For this Aerial Cabin, Bryant had nothing more to go on than a single illustrated reference in a Russian-language book. "The book offered little information," he says, "except to note its 1876 appearance in the Letters to the Editor section of Scientific American from a Mr. Lemka. “That's one I like in particular,” says Bryant, “because it's so unaerodynamic. The rigging does not make a lot of sense. I know that the rigging is supposed to go through the wheel, but to what purpose is impossible to say, because it is tied down on both ends. The inventor planned it to fly at the rate of 60 miles an hour.
Bryant says the Aerial Cabin is as faithful to Lemka's drawing as he could make it. "It's not like this person was just idly daydreaming, he says. "To come up with the logic of the sails and wings—this is the work of several days or weeks or months."
Made of cardboard, paper, toothpicks, plastic (for the windows), cooking skewers, tempera paint.
For this Pullman Car as Aerial Craft, Bryant found a single reference in Helicopters Before Helicopters. "The book notes the concept first appeared in 1848," he says.
Made of cardboard, paper, plastic (for the windows), cooking skewers, toothpicks.
“This 1902 helicopter proposal was a serious proposal,” says Bryant, “put out not by an individual, but by a group of people. There were mechanical drawings. What the mattress-looking thing on top is meant to be, I have no idea. The propeller-looking things...I don't know. This one does give some clues to a propulsion system; there are tanks at the base, but again, I don't know anything about it. Many of these designers were working before notions of lift and drag and thrust. And so they were working...freely."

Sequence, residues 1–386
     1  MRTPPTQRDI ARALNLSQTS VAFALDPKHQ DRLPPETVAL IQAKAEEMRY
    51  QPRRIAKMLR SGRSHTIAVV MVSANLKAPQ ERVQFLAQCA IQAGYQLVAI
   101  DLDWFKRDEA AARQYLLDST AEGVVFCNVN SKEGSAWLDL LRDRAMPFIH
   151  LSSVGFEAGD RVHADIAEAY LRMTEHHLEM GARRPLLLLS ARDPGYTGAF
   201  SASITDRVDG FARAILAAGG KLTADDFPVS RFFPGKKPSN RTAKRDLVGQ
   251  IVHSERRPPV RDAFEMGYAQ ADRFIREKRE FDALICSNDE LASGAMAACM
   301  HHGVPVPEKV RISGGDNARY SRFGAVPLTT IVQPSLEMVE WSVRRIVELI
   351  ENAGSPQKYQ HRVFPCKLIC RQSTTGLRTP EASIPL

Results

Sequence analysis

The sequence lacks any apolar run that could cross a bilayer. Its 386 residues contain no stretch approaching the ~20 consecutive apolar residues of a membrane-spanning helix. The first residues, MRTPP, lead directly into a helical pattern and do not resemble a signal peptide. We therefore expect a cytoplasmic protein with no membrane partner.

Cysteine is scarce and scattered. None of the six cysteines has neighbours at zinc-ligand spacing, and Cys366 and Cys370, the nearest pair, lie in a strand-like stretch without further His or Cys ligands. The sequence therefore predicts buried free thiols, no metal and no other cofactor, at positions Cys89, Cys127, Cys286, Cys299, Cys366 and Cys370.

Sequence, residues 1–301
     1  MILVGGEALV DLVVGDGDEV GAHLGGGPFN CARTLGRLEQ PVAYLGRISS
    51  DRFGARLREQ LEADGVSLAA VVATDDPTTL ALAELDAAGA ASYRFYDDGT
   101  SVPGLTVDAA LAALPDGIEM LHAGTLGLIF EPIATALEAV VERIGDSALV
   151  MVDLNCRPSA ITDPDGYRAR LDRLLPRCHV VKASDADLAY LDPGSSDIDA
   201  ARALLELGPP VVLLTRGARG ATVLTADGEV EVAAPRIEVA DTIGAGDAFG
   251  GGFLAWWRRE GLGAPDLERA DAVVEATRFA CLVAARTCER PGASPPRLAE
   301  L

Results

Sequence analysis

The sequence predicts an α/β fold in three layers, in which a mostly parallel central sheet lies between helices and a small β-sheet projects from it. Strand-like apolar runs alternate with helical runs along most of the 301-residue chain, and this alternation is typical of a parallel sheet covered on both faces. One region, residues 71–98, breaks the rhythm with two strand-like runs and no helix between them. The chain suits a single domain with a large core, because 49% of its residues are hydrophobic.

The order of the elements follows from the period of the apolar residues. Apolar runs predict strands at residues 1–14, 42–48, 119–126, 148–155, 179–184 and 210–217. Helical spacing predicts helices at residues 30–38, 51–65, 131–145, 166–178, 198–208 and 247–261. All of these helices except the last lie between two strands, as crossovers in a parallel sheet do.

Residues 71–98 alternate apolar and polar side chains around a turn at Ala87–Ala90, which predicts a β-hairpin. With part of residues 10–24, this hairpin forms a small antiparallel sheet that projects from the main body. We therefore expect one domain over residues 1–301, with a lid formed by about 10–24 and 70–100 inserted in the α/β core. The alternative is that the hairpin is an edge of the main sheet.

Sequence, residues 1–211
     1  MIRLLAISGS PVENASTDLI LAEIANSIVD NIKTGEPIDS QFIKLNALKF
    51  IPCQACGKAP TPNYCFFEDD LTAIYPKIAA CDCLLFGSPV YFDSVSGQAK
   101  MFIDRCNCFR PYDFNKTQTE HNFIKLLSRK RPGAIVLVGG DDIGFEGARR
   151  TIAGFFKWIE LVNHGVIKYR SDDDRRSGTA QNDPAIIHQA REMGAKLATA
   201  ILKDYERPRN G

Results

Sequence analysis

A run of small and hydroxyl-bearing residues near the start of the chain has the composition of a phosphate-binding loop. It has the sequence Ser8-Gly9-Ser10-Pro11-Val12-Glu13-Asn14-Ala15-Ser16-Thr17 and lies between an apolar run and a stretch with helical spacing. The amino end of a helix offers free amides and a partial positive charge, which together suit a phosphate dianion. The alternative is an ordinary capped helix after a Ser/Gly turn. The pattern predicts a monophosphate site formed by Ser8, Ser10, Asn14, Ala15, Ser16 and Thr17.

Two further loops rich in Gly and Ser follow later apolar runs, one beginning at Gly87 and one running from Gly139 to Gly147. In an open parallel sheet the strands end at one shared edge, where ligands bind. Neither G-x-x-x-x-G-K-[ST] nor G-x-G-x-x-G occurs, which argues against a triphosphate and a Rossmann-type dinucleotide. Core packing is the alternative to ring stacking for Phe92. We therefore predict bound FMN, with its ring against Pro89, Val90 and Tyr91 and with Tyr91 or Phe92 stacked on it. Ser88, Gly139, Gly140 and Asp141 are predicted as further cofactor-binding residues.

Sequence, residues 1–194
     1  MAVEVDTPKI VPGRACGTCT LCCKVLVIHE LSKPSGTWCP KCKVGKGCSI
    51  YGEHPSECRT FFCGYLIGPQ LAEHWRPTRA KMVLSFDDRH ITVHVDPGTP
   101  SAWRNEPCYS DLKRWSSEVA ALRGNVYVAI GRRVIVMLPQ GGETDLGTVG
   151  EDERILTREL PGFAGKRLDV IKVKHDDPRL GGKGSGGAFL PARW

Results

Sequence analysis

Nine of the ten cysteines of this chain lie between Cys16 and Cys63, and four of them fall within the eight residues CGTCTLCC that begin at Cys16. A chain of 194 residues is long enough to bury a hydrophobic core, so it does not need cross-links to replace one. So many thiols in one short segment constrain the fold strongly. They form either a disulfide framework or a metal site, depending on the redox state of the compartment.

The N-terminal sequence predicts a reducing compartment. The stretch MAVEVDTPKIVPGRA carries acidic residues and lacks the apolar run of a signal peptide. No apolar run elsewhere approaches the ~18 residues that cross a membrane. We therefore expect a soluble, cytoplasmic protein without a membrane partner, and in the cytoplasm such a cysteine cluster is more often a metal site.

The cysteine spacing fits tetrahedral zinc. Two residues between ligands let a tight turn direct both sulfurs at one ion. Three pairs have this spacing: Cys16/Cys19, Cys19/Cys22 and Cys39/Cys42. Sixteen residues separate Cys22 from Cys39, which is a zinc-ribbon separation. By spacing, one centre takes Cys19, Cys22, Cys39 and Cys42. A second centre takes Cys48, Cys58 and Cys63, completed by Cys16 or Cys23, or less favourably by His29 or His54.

The concept is also mentioned in one book, Helicopters Before Helicopters, by E.K. Liberatore.
“That's another thing about this subject that I find so intriguing: In retrospect, these things are laughable. But that's not fair. At the time, with everything they had available to them, these are very intelligent concepts. And it emphasizes that the progression of the history is not a straight line; it's bushy. The evolution of technology is bushy. That's Stephen J. Gould's term.”
Made of cardboard, paper, copper wire, cooking skewers, tempera paint.
After going through the Museum's technical files for several years, Bryant began to dream about early attempts at flight. This Aerial Windmill is based upon one of his dreams. "I dreamed that Tom Crouch and I were doing research in 19th-century folk aviation, and we came across this illustration. With the logic of dreams, the scaffolding is so it can take off in forests."
Made of cardboard, paper, cooking skewers, plastic (for the windows), twine.
Bryant has been with the Museum since 1978, and with the Registrar's office since 1997. "The Registrar's office maintains the legal documentation that supports our title to the objects in our collection. My position," says Bryant, "gives me a comprehensive overview of our holdings, from 19th century Chinese kites, to our V-2 missile, to balloon memorabilia to artifacts from the space station."
Inspired by the folk aviators he has researched, in his spare time Bryant is writing a fantasy novel incorporating lighter-than-air concepts.